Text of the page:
Modified Blind Contour, blind contour with a bit more control, February 16, 2015
Here is how you can take Blind Contour
one step further.
Modified blind contour drawing allows you to regain a bit of control. You can peek from time to time.
Briefly glancing at your drawing at intervals will help you monitor proportion, relationships of space and size, direction and lengths.
You are still using that slow, focused observation typical of blind contour that brings about the cognitive shift to the right side of the brain. This method of drawing makes you feel deeply relaxed, holding you in the present moment.
If you have time, go to my previous post on
Blind Contour and complete a drawing before diving into this next step. It is a great relaxation warm up.
Enjoy the process!
It is best to read all instructions before beginning.
Find a place where you can sit comfortably and draw for at least 10 to 15 minutes, longer if possible.
Gather your materials: an A4 piece of paper and a sharpened pencil or soft colored pencil. It is best if the pencil is 2B to 4B. The higher the number in the B series of pencils, the softer the mark becomes.
Select something to draw. It could be a doll, a cabbage, a crinkled piece of paper, or an old shoe. It is best if the object has some textured edges.
Repeat this intention quietly to yourself:
“My intention is to draw this object/person, glancing at the paper only when needed”.
Set your eyes on one point of the object and begin drawing what you see from that point on. As your eyes move along the edges of the object, your hand will draw what you observe. It is as if your hand and eyes are working in unison. It is a continuous line that unravels very slowly.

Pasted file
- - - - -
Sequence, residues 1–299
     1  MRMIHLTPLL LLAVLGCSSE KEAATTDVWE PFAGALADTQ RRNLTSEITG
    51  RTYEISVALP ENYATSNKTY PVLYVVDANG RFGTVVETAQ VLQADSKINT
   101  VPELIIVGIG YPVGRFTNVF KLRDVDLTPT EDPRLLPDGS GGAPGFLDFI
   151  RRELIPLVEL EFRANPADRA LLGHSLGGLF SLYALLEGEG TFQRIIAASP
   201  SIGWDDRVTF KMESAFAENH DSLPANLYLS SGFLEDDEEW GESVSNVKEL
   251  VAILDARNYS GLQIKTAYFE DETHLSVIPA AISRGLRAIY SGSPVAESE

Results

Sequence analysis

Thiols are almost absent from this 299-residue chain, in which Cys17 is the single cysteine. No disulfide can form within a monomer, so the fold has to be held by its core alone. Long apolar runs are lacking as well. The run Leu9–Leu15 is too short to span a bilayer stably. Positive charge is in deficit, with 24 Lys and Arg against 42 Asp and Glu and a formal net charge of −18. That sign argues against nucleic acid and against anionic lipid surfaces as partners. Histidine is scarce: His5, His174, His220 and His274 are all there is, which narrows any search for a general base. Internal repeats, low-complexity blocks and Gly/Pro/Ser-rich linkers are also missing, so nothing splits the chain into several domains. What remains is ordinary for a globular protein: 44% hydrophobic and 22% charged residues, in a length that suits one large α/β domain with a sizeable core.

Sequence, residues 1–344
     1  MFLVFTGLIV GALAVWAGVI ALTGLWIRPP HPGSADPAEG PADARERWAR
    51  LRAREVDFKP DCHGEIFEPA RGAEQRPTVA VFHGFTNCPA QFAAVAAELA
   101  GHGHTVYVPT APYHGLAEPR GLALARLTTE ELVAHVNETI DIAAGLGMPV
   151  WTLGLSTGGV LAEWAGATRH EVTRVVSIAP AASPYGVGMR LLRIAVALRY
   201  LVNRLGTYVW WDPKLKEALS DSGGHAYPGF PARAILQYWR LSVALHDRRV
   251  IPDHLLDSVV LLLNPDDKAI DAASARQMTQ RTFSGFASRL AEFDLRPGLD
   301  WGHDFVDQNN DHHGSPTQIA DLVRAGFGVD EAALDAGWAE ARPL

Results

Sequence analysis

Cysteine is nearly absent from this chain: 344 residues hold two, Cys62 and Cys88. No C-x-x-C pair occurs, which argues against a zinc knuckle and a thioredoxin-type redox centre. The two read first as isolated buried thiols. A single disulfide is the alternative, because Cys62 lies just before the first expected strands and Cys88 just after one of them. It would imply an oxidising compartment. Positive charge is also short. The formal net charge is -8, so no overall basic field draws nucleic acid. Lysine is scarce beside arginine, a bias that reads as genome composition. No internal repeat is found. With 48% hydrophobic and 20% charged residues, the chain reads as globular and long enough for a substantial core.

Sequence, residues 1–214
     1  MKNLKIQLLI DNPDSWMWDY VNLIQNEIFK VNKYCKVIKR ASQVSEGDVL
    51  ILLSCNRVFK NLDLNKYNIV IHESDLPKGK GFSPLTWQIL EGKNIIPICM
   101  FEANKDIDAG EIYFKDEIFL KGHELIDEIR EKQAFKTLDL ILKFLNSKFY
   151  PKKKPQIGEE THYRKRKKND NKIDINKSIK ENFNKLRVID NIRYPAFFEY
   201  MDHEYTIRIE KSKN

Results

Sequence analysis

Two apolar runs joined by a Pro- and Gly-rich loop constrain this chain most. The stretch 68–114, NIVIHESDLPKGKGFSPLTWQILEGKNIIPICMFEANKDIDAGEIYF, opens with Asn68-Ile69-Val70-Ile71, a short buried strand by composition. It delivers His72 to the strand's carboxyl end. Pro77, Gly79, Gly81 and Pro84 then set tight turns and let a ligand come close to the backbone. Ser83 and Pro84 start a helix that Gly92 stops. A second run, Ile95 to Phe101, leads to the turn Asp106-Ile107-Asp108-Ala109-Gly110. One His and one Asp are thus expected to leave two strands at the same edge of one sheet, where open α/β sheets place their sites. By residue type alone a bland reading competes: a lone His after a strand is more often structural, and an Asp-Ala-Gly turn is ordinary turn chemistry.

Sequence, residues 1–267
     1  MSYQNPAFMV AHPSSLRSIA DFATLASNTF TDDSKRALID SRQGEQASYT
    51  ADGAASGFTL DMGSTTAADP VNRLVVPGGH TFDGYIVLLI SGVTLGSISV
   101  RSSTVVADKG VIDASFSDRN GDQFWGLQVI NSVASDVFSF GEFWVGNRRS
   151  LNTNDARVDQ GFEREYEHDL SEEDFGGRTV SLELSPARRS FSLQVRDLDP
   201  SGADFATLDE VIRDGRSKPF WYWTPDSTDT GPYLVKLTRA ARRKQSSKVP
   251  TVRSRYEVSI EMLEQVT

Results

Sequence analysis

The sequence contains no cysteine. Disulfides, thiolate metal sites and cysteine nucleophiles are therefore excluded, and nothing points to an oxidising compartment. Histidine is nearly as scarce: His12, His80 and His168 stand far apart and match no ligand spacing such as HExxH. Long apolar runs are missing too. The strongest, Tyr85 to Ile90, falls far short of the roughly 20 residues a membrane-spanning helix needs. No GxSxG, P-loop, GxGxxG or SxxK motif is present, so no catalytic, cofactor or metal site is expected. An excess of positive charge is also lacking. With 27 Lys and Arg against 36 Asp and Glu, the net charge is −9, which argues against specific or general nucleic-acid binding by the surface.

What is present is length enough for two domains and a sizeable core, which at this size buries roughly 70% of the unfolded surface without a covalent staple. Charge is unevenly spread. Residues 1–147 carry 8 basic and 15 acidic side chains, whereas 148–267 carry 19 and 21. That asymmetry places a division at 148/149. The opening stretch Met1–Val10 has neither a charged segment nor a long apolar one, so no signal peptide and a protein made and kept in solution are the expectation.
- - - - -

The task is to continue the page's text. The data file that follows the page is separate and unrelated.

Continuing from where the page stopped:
The pencil does not lift off the paper very often. You will spend 99% of the time observing the object. Brief glances are allowed at intervals, when you need to change direction, check lengths, proportions or placements.
Example: In the portrait drawing above, I began with the contour of the hair. I then glanced at the paper to see where I should place the model's left eye. I chose a starting place for the eye then completed the contour of it in pure observation. I did not once look down at the paper again until it was time to move to another location, in this case, the right eye.
FOCUS all your attention on what you see in front of you without attachment to outcome on the paper. LET GO and relax.
The process, not the result, is all-important; the journey rather than the destination.
I love hearing from you. Leave a comment on this process at email@example.com
© Copyright 2015. J.Vanin. All rights reserved.
Disclamer: The information I share with you on this blog is based on my own healing journey and is for educational purposes only.
Please consult the appropriate health care professional to deter mine the best treatment for you.